Many serious athletes or people who do repetitive work can experience injuries to the nerves in the hands and arms that could end their careers. Trauma to the neck, arm or shoulder can also affect nerves and take them months to recover. A brachial plexus injury may lead to severe nerve damage.
What is Brachial Plexus?
The brachial plexus definition is a “network of nerve fibers that run from the spine, passing through the cervico-axillary canal to reach the axilla. It is formed by the ventral rami of the lower four cervical and first thoracic nerve roots (C5-C8, T1).”
In laymen’s terms, it is a group of nerves that exit the spine within the neck and run across the shoulder, into the armpit and then down the arm. They pass between the pectoralis minor and the subscapularis muscles. These muscles are attached to the ribs, the shoulder, and to the upper arm.
This group of nerves controls the movement of the muscles in the shoulder, wrist, elbow, and hand. If these nerves sustain minor damage, then the patient will usually recover in a few weeks. However, if the damage is severe, then there could be some disability of the arm.
Causes of Injuries
Damage to the nerves can be the result of them being forcibly stretched, pressure against them, or being cut, such as during surgery. If the neck and head are pushed away from the shoulder, then the nerves can become stretched.
It can also occur if the arm is forced above the head during activity. There are several injuries that can damage this group of nerves.
Whiplash from an auto accident can cause these nerves to sustain damage. A study was done with patients who sustained an injury to the nerves due to whiplash. The damage to study participants was established by:
- Continual radiating pain of the upper arm, which got worse when lifting, carrying, extending an arm(s) overhead, or by repetitive use of it.
- A positive result when a Tinel test was conducted on the nerves, which often resulted in tingling or a pins and needles sensation in scalene muscles, which connect the ribs to the spine in the neck, or the supraclavicular fossa, which is the indentation above the clavicle.
- Pain or tingling sensations could be reproduced by stressing the nerves at the shoulder, usually by having participants move their arms away from the body at a 90-degree angle or by someone holding an arm and pressing against the other shoulder, which is called a traction maneuver.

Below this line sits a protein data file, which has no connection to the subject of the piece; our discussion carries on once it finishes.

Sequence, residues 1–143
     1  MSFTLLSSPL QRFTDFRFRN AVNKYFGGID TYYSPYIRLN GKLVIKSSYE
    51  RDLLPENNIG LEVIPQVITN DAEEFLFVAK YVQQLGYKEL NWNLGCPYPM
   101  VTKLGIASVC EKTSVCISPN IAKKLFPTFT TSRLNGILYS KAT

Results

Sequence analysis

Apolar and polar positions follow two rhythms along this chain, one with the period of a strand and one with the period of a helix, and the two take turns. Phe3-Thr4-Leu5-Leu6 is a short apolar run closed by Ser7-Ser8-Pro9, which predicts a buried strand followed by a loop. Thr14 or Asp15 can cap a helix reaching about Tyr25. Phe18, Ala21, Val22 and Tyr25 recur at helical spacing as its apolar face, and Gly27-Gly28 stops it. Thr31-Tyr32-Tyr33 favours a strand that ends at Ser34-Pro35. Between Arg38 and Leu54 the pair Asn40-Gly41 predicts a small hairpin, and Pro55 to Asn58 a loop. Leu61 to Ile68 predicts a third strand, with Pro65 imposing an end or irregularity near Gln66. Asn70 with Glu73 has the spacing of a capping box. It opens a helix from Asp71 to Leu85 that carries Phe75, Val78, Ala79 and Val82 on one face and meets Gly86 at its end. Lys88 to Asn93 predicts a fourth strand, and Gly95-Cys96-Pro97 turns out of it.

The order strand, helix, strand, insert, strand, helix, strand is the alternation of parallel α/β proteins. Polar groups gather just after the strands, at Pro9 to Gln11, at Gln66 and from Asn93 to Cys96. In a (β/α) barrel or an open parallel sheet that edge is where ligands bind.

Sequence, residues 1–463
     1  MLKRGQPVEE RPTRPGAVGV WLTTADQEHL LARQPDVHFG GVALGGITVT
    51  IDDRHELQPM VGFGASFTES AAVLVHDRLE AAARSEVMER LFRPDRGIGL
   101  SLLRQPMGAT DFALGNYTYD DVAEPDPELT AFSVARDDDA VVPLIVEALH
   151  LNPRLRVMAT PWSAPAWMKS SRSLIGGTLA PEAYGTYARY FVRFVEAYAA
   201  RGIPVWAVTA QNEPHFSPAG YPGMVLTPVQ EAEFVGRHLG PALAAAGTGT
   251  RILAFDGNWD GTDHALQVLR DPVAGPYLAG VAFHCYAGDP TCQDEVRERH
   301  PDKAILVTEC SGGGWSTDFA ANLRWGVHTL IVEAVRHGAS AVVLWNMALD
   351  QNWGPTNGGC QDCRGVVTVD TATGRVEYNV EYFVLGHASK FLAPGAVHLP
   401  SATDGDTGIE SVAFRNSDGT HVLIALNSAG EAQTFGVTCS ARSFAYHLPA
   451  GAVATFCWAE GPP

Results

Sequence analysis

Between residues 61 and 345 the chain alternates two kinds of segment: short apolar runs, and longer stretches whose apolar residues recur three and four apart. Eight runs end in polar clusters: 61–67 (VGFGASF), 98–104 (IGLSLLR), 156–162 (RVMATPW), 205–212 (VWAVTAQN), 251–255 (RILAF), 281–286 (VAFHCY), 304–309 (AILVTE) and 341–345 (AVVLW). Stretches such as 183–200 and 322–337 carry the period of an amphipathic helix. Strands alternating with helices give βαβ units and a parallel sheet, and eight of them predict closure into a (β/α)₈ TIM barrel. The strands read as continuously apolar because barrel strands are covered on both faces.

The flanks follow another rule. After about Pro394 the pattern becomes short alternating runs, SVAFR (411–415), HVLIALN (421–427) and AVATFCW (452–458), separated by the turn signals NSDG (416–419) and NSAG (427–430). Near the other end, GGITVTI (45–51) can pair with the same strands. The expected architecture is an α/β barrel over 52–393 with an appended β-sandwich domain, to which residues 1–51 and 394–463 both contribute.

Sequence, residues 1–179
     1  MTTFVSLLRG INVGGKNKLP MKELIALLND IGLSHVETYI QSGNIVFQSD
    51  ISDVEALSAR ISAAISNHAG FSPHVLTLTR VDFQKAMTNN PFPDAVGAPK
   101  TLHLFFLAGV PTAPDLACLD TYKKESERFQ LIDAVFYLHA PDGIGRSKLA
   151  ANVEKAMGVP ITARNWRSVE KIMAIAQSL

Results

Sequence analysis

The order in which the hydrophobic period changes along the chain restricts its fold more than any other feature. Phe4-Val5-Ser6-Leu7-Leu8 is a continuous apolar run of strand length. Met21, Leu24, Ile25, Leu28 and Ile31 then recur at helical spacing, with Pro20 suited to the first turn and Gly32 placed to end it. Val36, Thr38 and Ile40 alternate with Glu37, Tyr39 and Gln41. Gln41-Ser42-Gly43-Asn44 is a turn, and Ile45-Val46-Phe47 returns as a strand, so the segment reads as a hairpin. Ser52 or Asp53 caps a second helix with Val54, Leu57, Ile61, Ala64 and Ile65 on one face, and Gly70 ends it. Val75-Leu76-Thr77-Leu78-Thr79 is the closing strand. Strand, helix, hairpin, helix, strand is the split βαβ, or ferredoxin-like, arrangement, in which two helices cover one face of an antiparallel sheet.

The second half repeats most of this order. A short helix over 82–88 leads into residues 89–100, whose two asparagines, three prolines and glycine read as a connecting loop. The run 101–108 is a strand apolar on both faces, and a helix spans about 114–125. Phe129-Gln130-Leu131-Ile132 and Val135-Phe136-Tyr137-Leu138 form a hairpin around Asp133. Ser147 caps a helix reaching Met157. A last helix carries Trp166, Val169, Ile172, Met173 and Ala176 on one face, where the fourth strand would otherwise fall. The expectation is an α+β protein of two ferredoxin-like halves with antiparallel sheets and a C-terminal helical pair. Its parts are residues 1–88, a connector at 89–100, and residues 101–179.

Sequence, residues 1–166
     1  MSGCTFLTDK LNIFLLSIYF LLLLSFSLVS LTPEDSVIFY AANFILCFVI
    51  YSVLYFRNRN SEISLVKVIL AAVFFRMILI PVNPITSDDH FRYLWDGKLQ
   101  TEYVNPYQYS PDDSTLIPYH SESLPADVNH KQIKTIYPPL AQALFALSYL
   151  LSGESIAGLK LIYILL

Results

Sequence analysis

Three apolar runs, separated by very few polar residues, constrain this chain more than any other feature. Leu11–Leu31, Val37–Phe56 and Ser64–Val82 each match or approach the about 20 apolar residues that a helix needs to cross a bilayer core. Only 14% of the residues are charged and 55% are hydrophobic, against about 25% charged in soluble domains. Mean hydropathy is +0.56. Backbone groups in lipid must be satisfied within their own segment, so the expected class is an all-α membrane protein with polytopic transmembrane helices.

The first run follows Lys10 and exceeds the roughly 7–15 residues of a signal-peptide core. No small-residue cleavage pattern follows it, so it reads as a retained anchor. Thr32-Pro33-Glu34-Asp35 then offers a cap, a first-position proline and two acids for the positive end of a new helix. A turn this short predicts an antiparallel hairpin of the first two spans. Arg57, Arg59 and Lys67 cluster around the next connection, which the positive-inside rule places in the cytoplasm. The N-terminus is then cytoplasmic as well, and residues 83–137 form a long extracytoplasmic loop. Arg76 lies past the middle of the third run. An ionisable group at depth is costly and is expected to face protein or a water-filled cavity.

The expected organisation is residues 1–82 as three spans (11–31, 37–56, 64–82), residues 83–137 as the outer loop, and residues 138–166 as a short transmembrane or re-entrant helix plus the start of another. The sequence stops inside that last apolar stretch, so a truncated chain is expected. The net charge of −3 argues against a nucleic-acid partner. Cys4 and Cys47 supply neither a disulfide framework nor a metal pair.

Those in the study who experienced the injury due to whiplash, of which there were significantly more women than men, reported symptoms like:
- Neck pain
- Not feeling well.
- Discomfort of the eyes.
- Tinnitus, which is ringing or buzzing in the ears.
The nerves in the shoulder can also sustain injuries by participating in sports. When a football player is hit, and his head and neck are forced back from the shoulder, an injury similar to whiplash can occur.
When heavy weights are lifted above the shoulders, such as in deadlifts, then the nerves can also sustain damage. Due to the movement of the arm and shoulder, baseball pitchers can also sustain a brachial plexus injury.
In some people, nerve damage may not be the result of an injury, but due to inflammation. The inflammation can be the result of a condition called Parsonage-Turner syndrome. It is also known as acute brachial neuritis or acute brachial neuritis syndrome.
The symptoms of this condition are a sudden pain in the shoulder and upper arm and weakness or atrophy of the muscles in the area, which gets worse over time. While the cause of this syndrome is unknown, it can be genetic and clear up on its own.
However, many doctors suspect it’s an autoimmune response and can be triggered by exposure to illnesses like viral or bacterial infections and other medical conditions. It may also be caused by vaccinations or medical procedures like surgery.
Some babies may sustain injuries during their birth if the labor occurs over a prolonged time or they get trapped in the birth canal. If the shoulders get trapped or if the neck is stretched during birth, then the injuries increase the chances of brachial plexus palsy or Erb’s palsy.
This condition happens in only one to two births out of every thousand. The arm of a baby with Erb’s palsy is rotated toward the body, and he or she has difficulty with moving their arm.
Fortunately, improvements in the arm can be made by exercising it every day. However, some babies may not be able to move their arm at all, or they may experience paralysis of the arm.
Tumors or Radiation Therapy